[llvm-dev] [RFC] Zeroing Caller Saved Regs
Bill Wendling via llvm-dev
llvm-dev at lists.llvm.org
Wed Aug 12 14:44:59 PDT 2020
On Mon, Aug 10, 2020 at 3:34 AM David Chisnall
<David.Chisnall at cl.cam.ac.uk> wrote:
> On 07/08/2020 23:28, Kees Cook wrote:
> > On Fri, Aug 7, 2020 at 1:18 AM David Chisnall
> > <David.Chisnall at cl.cam.ac.uk> wrote:
> >> I think it would be useful for the discussion to have a clear threat model that this intends to defend against and a rough analysis of the security benefits that this is believed to bring.
> > I view this as being even more about a ROP defense. Dealing with spill
> > slots is, IMO, a separate issue, more related to the auto-var-init
> > work (though that would be stack erasure on function exit, rather than
> > entry, which addresses a different set of issues). I think this thread
> > from the GCC list has some good details on the ROP defense:
> > https://gcc.gnu.org/pipermail/gcc-patches/2020-August/551607.html
> This link gives two motivations:
> 1. Reducing information leak (which I find unconvincing, because there's
> a lot more left on the stack than in caller-save registers).
> 2. Reducing ROP gadgets.
> Unfortunately, for claim 2 they cite a paper that is behind a paywall,
> so I can't easily see what that's doing and I'll have to guess what the
> paper says:
> Caller-save registers are intuitively useful in the first gadget in a
> ROP sequence, because the current frame will have put values into them
> (and so they are most likely to hold attacker-controlled values). I can
> imagine quite easily a paper that shows that you break the first gadget
> in a chain with this mitigation.
> It's possible that it would also significantly reduce the number of
> total gadgets if each ret is preceeded by the zeroing sequence,
> effectively denying the ability for the attacker to use these registers.
> Unfortunately, to be able to make arbitrary calls they would just need
> one unguarded forward control-flow edge that loaded a function pointer
> and its arguments from the stack, and I can't imagine that such a gadget
> is absent from most nontrivial codebases. I'd like to see an analysis
> of the gadgets remaining when this mitigation is used.
> I don't object to adding a flag that makes the Linux kernel slower but
> if it is being advertised as a security feature then I would like to see
> some evidence that it does something other than require automated attack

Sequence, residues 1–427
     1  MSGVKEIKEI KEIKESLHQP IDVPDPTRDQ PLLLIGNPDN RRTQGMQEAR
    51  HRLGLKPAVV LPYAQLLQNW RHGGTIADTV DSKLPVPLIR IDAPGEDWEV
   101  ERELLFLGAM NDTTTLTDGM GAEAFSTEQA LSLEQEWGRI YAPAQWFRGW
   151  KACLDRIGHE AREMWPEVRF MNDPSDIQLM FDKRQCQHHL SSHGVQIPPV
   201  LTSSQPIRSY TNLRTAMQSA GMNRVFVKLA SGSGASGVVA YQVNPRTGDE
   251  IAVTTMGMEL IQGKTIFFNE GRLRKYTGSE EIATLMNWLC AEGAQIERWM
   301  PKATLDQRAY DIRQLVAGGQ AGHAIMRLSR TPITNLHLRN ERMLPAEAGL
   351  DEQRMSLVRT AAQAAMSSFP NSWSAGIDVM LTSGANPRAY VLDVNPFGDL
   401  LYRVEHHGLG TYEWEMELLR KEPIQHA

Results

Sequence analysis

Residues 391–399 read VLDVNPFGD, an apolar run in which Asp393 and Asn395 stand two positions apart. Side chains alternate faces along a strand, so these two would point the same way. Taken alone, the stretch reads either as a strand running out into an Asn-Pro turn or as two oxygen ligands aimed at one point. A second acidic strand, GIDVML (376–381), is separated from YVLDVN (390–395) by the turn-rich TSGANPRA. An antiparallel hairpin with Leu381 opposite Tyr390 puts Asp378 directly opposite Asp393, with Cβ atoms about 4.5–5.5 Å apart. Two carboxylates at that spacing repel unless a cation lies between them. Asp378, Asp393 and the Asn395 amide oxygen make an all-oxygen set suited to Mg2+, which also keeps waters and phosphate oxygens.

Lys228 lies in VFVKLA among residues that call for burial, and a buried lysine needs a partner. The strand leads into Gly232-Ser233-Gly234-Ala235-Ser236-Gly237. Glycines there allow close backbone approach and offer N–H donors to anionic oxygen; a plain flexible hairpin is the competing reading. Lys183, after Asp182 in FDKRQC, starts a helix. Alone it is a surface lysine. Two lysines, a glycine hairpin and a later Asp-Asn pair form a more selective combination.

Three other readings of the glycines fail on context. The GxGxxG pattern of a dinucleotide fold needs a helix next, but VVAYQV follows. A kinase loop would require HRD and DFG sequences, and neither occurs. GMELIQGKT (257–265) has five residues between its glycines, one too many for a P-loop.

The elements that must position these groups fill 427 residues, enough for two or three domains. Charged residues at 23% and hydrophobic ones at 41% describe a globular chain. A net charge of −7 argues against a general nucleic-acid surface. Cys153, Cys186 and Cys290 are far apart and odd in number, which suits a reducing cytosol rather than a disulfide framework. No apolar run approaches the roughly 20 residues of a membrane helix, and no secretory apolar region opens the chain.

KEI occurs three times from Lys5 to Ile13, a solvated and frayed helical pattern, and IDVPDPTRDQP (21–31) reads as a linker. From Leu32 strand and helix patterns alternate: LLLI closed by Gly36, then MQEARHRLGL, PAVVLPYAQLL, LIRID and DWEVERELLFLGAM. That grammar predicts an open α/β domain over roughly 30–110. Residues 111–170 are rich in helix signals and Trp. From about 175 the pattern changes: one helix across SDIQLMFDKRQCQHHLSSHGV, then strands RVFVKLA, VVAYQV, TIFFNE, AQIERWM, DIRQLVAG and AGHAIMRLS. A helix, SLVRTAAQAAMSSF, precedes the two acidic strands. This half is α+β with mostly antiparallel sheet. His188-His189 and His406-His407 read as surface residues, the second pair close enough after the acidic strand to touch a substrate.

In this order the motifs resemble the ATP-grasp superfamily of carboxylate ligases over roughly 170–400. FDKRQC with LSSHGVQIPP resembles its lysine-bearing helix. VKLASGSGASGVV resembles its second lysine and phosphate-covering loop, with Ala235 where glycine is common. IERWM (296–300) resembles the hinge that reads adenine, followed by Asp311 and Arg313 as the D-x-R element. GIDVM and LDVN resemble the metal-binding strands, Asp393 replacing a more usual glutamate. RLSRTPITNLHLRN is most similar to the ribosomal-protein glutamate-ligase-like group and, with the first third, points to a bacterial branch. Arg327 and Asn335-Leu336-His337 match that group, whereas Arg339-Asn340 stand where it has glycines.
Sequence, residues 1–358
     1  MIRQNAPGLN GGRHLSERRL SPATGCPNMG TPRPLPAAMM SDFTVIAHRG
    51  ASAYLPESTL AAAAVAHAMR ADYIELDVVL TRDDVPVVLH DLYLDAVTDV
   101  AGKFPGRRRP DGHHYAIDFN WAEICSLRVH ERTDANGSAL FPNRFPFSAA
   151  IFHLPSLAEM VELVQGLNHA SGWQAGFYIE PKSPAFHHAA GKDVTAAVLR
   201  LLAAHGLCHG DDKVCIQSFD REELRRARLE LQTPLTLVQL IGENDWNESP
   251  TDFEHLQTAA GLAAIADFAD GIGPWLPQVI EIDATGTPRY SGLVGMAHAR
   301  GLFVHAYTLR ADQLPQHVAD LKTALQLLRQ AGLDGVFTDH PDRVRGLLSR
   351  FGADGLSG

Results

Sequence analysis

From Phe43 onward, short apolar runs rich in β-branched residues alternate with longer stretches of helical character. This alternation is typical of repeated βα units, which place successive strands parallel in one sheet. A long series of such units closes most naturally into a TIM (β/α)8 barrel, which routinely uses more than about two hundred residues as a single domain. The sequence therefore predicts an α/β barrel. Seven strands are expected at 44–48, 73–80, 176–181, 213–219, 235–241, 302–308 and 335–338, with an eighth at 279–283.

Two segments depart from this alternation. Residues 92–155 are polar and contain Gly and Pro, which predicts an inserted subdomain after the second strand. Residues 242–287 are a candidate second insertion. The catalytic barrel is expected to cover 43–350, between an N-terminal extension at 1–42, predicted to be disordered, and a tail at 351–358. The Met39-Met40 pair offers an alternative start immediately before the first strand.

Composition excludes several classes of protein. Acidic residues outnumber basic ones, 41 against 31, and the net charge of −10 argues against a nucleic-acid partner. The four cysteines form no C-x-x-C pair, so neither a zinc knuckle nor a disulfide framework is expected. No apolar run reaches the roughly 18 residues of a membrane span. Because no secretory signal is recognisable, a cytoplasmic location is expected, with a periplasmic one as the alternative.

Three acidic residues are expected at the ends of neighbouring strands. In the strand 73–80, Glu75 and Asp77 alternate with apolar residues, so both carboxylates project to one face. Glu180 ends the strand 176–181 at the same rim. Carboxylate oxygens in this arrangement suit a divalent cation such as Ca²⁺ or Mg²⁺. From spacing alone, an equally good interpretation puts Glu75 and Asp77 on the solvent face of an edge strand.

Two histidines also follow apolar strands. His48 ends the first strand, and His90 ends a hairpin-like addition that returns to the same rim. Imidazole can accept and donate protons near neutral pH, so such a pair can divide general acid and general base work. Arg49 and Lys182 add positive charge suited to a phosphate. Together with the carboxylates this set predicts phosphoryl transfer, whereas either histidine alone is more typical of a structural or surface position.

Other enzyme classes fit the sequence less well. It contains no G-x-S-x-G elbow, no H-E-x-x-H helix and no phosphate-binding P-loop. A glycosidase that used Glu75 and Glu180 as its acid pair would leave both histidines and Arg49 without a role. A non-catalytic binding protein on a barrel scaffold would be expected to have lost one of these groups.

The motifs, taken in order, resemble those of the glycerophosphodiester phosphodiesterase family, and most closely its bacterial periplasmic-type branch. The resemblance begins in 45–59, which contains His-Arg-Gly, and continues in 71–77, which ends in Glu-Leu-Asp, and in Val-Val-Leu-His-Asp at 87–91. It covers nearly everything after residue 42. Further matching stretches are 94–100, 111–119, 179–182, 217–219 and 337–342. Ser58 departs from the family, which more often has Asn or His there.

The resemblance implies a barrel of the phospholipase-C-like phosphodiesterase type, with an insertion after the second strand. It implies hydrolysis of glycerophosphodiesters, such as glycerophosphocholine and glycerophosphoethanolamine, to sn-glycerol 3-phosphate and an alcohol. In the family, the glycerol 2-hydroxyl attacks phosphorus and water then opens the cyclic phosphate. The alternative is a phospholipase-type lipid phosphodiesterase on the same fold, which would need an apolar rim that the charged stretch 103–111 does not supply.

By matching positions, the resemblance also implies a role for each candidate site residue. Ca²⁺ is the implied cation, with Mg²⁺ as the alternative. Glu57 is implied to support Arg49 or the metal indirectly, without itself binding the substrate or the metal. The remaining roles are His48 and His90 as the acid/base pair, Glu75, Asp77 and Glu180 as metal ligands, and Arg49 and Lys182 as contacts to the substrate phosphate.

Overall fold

> tools pick a different set of gadgets to use.
After reading the paper they link to, I'm rethinking this feature. :-)
>From what I can gather from the paper, they use a tool to determine
which scratch (caller saved) registers are used in a function call.
They then use some type of instrumentation to zero out those scratch
registers. This can apparently break the change. For example, in line
17 below, RDI will be zeroed out as is RSI in line 19:
1: p = ''
2: p += pack('<Q', 0x0000000000401627) # pop rsi ; ret
3: p += pack('<Q', 0x00000000006ca080) # @ .data
4: p += pack('<Q', 0x00000000004784d6) # pop rax ; pop rdx ; pop rbx ; ret
5: p += '/bin//sh'
6: p += pack('<Q', 0x4141414141414141) # padding
7: p += pack('<Q', 0x4141414141414141) # padding
8: p += pack('<Q', 0x0000000000473f81) # mov qword ptr [rsi], rax ; ret
9: p += pack('<Q', 0x0000000000401627) # pop rsi ; ret
10: p += pack('<Q', 0x00000000006ca088) # @ .data + 8
11: p += pack('<Q', 0x0000000000425e3f) # xor rax, rax ; ret
12: p += pack('<Q', 0x0000000000473f81) # mov qword ptr [rsi], rax ; ret
13: p+= pack('<Q', 0x00000000004784d6) # pop rax ; pop rdx ; pop rbx ; ret
14: p += p64(59) # execve syscall number
15: p += pack('<Q', 0x4141414141414141) # padding
16: p += pack('<Q', 0x4141414141414141) # padding
17: p += pack('<Q', 0x0000000000401506) # pop rdi ; ret
18: p += pack('<Q', 0x00000000006ca080) # @ .data
19: p += pack('<Q', 0x0000000000401627) # pop rsi ; ret
20: p += pack('<Q', 0x00000000006ca088) # @ .data + 8
21: p += pack('<Q', 0x0000000000442636) # pop rdx ; ret
22: p += pack('<Q', 0x00000000006ca088) # @ .data + 8
23: p += pack('<Q', 0x0000000000467175) # syscall ; ret
Their instrumentation is impractical though as it increases the
runtime by over 16x.
My guess is that inserting zeroing instructions right before the "ret"
instruction can disable some of the hacks we see with ROP:
`pop rdi ; ret` becomes `pop rdi ; xor rdi, rdi ; ret`
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